Until I was praying on Wednesday morning asking for clarity and that my mind would quiet so, I could hear His still small voice granting me direction. The thought of simply being a ticking time bomb awaiting an ugly delivery was angering and fearful. Then, I remembered that His perfect love casts out all fear and that I needed to rely on His love which has been with us since day one of this journey.
I calmed down and realized we were not helpless, we still had several choices. We need a second opinion and that second opinion resided in Arizona. I picked up the phone and called Valley Perinatal Services and asked to speak with Dr. John Elliott. After speaking with him for over an hour, I hung up and—with complete peace—told my husband I was moving to Arizona to save our pregnancy. Our hope was restored in the Valley of the Sun.
One Day at a Time
The weeks ahead were taken one day at a time. Under Dr. Elliott’s confident and gentle care, a successful pregnancy felt real and thus became reality. The nausea, indigestion, reflux, growing pains, as well as the challenge of trying to keep more the 3,000 calories a day down, filled my days. I felt like a beached whale who couldn’t move for more than 30 minutes per day. I kept my mind busy and hands creative with sudokus, work, and crocheting.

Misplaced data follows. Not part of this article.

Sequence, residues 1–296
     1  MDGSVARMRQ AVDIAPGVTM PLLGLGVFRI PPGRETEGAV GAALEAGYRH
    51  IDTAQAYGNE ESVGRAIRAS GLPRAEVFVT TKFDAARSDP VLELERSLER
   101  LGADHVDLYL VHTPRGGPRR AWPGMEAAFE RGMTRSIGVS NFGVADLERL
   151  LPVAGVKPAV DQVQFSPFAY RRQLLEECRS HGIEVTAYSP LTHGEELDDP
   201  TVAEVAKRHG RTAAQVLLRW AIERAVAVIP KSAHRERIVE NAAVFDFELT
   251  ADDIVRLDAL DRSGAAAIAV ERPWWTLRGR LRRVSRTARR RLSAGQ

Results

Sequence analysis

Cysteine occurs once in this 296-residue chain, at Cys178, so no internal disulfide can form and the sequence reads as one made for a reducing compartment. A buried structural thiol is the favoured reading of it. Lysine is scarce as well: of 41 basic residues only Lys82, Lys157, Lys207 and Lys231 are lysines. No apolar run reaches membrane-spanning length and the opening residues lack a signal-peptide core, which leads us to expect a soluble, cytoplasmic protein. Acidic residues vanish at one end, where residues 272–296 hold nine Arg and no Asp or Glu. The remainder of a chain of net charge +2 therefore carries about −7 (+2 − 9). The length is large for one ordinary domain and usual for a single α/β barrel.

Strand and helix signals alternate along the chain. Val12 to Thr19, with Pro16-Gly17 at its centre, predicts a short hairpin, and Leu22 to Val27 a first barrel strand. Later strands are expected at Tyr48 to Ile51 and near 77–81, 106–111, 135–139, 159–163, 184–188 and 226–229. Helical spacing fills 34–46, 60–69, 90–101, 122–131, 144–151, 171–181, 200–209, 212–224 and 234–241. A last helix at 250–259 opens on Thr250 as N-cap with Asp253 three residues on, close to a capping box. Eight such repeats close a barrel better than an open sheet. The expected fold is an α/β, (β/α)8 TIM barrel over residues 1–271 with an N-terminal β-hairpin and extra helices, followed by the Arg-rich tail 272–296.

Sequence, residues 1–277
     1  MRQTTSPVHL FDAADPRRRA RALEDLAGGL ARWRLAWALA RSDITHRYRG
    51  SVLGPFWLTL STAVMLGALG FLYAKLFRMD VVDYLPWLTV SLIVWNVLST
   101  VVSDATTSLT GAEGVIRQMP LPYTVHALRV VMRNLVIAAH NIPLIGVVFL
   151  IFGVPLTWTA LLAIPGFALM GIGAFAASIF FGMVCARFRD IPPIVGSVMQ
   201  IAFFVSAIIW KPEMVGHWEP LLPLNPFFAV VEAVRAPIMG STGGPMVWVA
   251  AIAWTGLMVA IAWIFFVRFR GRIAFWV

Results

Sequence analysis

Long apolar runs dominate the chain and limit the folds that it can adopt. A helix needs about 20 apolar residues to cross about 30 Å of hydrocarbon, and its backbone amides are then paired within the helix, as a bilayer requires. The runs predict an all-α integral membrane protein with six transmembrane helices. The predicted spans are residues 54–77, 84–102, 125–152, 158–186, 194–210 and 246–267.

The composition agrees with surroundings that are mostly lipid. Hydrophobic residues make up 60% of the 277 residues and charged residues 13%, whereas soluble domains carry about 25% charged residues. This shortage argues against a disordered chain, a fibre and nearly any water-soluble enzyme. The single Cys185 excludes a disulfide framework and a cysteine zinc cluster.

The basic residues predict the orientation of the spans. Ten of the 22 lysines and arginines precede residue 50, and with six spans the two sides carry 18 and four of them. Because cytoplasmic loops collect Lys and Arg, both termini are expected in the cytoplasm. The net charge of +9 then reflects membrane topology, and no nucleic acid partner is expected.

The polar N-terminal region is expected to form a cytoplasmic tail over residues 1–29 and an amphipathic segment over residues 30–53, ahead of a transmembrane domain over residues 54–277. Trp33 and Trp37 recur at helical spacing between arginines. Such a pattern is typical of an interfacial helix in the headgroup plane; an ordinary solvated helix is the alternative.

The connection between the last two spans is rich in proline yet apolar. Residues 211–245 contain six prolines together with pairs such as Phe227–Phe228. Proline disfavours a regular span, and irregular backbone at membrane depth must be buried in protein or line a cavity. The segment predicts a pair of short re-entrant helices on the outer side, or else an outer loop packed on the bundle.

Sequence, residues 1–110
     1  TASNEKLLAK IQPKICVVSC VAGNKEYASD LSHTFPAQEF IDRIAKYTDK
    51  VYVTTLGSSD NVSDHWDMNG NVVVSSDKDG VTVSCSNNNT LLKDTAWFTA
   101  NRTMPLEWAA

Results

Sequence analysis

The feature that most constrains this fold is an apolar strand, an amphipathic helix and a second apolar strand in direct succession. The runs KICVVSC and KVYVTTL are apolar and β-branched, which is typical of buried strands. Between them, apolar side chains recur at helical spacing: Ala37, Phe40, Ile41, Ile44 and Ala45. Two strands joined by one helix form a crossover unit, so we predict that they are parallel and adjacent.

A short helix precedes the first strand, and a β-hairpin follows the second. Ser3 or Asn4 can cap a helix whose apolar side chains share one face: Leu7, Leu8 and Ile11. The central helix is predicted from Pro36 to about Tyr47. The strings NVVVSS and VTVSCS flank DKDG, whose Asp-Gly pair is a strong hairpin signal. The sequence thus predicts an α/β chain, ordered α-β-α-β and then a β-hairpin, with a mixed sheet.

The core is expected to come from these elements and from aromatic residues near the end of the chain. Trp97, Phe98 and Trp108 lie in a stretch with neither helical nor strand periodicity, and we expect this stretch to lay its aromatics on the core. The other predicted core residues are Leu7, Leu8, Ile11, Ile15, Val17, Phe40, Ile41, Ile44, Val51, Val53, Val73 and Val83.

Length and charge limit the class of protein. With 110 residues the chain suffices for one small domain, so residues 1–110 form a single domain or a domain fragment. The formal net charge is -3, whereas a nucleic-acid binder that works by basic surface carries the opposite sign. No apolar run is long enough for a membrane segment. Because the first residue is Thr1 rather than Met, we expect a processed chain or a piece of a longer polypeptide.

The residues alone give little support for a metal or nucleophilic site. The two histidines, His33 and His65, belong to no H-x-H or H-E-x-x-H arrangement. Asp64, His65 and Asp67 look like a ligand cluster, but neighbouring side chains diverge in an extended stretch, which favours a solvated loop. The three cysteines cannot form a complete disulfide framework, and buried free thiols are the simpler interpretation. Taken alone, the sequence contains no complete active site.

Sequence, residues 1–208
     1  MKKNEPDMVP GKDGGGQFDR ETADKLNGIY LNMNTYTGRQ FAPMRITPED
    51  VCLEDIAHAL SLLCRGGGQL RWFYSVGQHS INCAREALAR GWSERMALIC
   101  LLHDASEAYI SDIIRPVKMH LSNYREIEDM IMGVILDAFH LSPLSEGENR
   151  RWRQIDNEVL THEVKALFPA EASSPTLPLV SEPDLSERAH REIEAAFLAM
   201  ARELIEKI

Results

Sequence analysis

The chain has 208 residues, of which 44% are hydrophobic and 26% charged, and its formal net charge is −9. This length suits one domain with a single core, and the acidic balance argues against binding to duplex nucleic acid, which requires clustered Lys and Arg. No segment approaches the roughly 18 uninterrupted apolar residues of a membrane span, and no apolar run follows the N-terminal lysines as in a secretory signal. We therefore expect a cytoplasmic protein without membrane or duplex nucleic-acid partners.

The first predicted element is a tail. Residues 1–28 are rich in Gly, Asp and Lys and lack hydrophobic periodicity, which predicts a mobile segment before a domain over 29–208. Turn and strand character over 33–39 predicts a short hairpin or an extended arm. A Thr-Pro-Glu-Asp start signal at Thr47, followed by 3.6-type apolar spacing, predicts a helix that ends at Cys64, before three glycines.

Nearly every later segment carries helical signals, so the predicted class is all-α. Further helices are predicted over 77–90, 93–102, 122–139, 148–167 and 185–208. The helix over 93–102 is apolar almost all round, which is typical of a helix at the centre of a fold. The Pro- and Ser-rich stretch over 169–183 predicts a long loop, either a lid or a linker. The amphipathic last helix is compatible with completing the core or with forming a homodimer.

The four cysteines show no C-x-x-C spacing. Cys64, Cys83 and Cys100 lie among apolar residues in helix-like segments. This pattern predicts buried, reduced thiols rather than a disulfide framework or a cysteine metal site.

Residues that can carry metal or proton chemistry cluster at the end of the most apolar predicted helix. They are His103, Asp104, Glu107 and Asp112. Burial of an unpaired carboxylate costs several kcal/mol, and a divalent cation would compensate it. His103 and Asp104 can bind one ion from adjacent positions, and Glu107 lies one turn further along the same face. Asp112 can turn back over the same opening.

But, sitting for eight weeks straight was a true challenge. Whenever it seemed insurmountable, I remembered where I was and why I was there. Also, with my husband traveling across the country to visit every weekend and my mom by my side, I had their support that we were here on a mission; we were answering our calling.
Note: Visit our blog next week for the continuation of Cassie’s story.
About the Author
Cassie is a Registered Dietitian, Certified Diabetes Educator and Certified Personal Trainer that works at the University of Wisconsin- Madison Hospital and Clinics as a Clinical Dietitian, as well as, the Program manager for the Dietetic Internship. She received her bachelor’s degree from University of IL at Urbana-Champaign and her Master’s degree from Rush University Medical Center and is pursuing her PhD at Rush University. She has also received certificates in Weight Management, Motivational Interviewing and Bio-Informatics. Cassie loves to equip and empower people to achieve their nutrition and wellness goals.
At home, she is mom to quintuplets. Her five miracles were born at 29 weeks and 1 day at Banner Desert Medical Center in 2013. Since her husband, Frank and she learned of their pregnancy, each day has been an adventure. Follow their adventures, milestones and life lessons at www.Bump2Babies.wordpress.com.